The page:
Possible lasting impacts of shutdown on education

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News 12 This Morning/Friday Oct. 18, 2013

(WRDW) -- "There's been some talks about 'how do I complete my FAFSA if the government is shutdown?'" said Linda Aubrey Higgins.

That question about federal financial aid, was asked by many college students as they wondered whether colleges and universities have had or will have any problems processing applications because of the16 day shutdown.

But, Aubrey Higgins, USC Aiken's financial aid director says so far, so good.

"We've had students complete their FAFSA and submit it to our office with no issues," she said.

She says there were worries as to what would happen if the shutdown continued through to the start of the spring semester.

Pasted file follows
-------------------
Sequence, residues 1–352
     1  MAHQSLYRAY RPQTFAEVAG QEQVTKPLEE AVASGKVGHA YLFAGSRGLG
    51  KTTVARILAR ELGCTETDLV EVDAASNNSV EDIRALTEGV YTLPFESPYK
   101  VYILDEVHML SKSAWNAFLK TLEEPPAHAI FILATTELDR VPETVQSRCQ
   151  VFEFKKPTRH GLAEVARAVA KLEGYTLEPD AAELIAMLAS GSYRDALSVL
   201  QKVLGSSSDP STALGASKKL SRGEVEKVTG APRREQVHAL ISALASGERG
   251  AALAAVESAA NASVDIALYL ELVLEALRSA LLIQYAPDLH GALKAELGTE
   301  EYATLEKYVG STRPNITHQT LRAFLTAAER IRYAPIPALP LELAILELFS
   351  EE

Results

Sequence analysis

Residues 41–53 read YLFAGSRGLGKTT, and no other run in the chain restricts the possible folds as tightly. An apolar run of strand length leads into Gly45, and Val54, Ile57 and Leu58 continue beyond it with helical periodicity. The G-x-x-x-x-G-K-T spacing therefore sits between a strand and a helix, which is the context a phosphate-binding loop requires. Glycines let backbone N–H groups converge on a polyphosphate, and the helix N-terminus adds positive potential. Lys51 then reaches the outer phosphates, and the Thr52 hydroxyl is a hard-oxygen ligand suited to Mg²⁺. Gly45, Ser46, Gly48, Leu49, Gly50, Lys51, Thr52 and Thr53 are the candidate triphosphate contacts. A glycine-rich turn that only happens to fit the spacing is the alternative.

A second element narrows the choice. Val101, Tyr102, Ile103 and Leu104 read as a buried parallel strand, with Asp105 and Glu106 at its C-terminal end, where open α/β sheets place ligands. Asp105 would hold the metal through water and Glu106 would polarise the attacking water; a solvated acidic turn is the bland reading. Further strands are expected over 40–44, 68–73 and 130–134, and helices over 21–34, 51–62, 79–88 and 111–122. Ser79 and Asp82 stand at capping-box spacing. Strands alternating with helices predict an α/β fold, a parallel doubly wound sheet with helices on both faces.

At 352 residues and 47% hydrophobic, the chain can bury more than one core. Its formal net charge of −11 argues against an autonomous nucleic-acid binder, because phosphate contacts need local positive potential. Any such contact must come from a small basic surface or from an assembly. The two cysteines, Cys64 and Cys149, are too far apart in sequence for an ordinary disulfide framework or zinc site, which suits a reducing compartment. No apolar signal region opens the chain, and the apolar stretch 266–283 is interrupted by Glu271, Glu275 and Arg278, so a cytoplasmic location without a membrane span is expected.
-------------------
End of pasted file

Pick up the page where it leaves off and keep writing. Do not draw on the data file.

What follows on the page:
"Just because we were able to complete the FAFSA--we still get money from the federal government," she explained.

More than 2,500 students at USC Aiken receive financial aid. That's about 90 percent of the student body who might not have receive funding in the spring if the government shutdown would have continued.

"If the Department of Education was still shut down and we weren't able to get our money from the Department of Education, how would these students receive their financial aid money?" she asked.

And although the coast is clear, that's only for now. That question could remain.

Only a short term deal has been reached to fund the government through until January 15th and if Congress can't reach a decision at that point, Aubrey Higgins says students will be impacted.

But she's says she feel optimistic that won't happen.

"I really think that the powers that be will make the right decision for the people and I think that when January comes, students will be able to receive their financial aid money, they'll be able to pay for school," she said.

As for now, she says it is safe to fill out the FAFSA in preparation for the spring semester.

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